Here's today chart with tomorrow's wind and isobaric pressure forecast. 1.5 feathered arrows means 15 knots average wind, 2 feathered arrows indicates 20 knots. The arrows fly with the wind.
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    Last edited by sleddog; Yesterday at 08:04 AM.

  3. #43
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    Quote Originally Posted by AntsUiga View Post
    Yes, I would be interested in any comments from Stan Honey on barometer watches. I have used a Suunto version for about 30 years. The barometric function measures elevation as well as barometric pressure. How does the watch know if I am moving vertically or the weather is changing. The elevation increment is 20 feet so when I drive past an elevation marker on the road, the watch shows an elevation within 100 feet of the road sign. The only weird variation was while driving through AZ mountains and thunderstorms. The watch was about 2,000 feet off and took about a day before it settled down. Ants
    Hi Skip,

    We fit a removable radar some time ago following your suggestion. There are photos at http://honeynav.com/category/cal40/

    We pull the cable down the mast on a leader and it exits the mast just below deck and joins to the cable in the boat at a junction box near the mast. We leave the cable in the boat when racing, and just remove the scanner and display. It works great. Thanks for the suggestion. One thing we do is to remove the bolt in the track that is just below the scanner and replace it with a longer bolt with a large fender washer. The car sits on the bolt and the fender washer pulls tight against the car and keeps the scanner from rocking back and forth with the plan in the car slides.

    I’ve only tried a few watch barometers, and watch hand-bearing compasses, and found that none of them worked well enough to be dependable. Those were Casios. I haven’t tested the Garmin but it seems better than the Casios. I use a conventional Plastimo hand-bearing compass, and use a Mintaka barograph below decks, both of which work perfectly. The Plastimo allows you to do a good eyeball-average when it’s rough. The Mintaka is below deck where you mostly need it and is easy to interface to Expedition or whatever so that you can include its strip chart along with the wind direction and speed which is sometimes interesting.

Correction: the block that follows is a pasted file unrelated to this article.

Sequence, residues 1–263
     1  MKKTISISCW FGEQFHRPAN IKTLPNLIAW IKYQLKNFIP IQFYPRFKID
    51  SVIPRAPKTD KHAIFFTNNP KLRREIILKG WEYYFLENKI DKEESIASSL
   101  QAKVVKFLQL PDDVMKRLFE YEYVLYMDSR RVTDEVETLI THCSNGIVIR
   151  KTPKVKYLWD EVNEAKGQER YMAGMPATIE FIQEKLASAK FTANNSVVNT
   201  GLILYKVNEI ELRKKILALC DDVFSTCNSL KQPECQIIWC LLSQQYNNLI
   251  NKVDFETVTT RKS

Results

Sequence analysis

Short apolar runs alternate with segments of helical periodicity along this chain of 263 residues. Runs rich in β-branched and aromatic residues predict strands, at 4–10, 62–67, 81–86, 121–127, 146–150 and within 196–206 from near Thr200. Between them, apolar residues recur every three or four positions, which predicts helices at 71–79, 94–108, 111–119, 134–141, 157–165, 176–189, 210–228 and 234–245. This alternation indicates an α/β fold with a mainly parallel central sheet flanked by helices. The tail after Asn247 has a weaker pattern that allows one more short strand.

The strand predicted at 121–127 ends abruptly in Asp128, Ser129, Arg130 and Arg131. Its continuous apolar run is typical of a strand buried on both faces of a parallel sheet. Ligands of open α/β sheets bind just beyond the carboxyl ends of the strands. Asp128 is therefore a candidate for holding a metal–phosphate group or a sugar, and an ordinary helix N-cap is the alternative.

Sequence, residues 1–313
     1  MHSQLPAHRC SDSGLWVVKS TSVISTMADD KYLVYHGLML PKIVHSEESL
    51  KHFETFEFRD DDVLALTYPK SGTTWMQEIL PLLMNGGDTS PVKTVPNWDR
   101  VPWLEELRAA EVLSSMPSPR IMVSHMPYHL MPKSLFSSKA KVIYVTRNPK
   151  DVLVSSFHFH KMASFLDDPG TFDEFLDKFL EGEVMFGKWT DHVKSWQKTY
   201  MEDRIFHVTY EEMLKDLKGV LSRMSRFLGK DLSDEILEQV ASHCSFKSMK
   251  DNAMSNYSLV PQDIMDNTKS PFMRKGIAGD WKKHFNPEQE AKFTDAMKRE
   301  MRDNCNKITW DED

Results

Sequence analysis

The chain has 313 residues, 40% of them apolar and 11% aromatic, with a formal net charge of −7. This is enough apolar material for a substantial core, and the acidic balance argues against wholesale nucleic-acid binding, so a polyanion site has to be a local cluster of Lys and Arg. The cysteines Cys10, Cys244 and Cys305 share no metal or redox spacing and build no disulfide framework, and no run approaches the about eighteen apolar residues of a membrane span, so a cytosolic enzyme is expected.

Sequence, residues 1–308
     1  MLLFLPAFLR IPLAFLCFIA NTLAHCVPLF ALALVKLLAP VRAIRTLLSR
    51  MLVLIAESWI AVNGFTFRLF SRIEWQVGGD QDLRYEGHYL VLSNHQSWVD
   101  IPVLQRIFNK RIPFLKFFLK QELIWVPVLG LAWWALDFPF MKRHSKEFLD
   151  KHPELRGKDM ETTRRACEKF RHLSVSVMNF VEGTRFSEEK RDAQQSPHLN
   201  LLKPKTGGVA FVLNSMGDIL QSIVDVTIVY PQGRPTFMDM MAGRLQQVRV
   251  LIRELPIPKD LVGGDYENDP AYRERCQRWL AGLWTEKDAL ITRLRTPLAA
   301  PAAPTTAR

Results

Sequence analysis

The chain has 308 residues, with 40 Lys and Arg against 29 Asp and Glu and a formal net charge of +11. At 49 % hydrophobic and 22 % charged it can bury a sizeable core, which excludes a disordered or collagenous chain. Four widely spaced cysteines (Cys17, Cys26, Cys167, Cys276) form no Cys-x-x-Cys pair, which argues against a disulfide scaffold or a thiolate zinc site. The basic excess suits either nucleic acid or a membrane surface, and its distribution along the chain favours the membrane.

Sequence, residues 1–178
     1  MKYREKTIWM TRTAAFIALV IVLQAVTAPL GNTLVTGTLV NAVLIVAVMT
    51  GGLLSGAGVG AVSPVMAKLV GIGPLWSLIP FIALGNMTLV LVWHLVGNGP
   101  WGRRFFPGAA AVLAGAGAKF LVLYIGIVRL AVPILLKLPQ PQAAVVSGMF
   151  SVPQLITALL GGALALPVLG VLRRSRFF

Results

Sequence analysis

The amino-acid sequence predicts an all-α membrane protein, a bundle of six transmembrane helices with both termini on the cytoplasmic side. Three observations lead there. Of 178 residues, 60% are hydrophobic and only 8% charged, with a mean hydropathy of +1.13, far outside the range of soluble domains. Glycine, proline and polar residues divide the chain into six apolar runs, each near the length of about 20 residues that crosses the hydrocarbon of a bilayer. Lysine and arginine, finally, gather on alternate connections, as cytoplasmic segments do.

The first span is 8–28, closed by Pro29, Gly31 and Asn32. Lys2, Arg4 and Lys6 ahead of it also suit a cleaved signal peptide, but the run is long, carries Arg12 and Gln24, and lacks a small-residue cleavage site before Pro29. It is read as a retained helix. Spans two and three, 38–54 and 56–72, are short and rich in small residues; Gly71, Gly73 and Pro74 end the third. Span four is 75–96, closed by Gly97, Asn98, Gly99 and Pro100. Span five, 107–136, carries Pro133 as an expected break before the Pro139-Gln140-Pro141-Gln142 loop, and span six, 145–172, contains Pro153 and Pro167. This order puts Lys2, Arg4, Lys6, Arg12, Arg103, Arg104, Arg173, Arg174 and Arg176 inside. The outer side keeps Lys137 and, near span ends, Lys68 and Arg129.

We’re in Provincetown now, on the tip of Cape Cod, and headed for Portland ME tomorrow.

    ~Stan
    Last edited by sleddog; Yesterday at 08:15 PM.

  4. #44
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    Day 10 7/07/20 Noon posit 25-22 N x 149-34 W 24 hour run 169 miles @ 243M (255T) Wind 17-18 knots from 78 T. Seas 4-6 feet from ENE, 25% cloud with squalls, 1022 mb. 577 miles @ 243 M to Hanalei Finish.

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    Last edited by sleddog; Today at 05:39 AM.

  5. #45
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    Tuesday, July 7,2020, from my Log

    The trades have backed into their usual direction, ENE. which puts the Finish DDW. On this displacement hull, the twins have come into their own, and we're always on the right gybe, especially during night squalls. I've dropped the main, as it was doing nothing for speed except blanketing the twins

    Now the main boom is centered, a big advantage of running with twins is dismissed anxiety of accidental gybe.
    A disadvantage of running DDW with twins is the boat rolls a lot. Now I know what the old seafarer's addage "rolling down the trades" really means. But being my 11th day at sea, my stomach has long since adjusted to motion.

    Previously I mentioned cloud streaks, and the possibility of slightly increased breeze on their perimeters. Another subtle wind shift occurs in the NE trades, the "afternoon lefty". During most afternoons, the tradewinds will back 5-10 degrees from ENE to NE A good time for a boat with a spinnaker to be on starboard, the favored gybe

    I inventoried my fresh food and everything is under control. Apples wrapped in newspaper, oranges, jicama, cabbage, carrots, cheese, eggs, the second of 2 loaves of bread. Only the last avocado has been consigned to the deep.

    Despite regular meals and in between time grazing, I tend to lose .5 pounds/day on a passage like this. To which I mainly attribute the isometric exercise of constant bracing on a small boat, as well as up and down the companion way 4 steps dozens of times/day.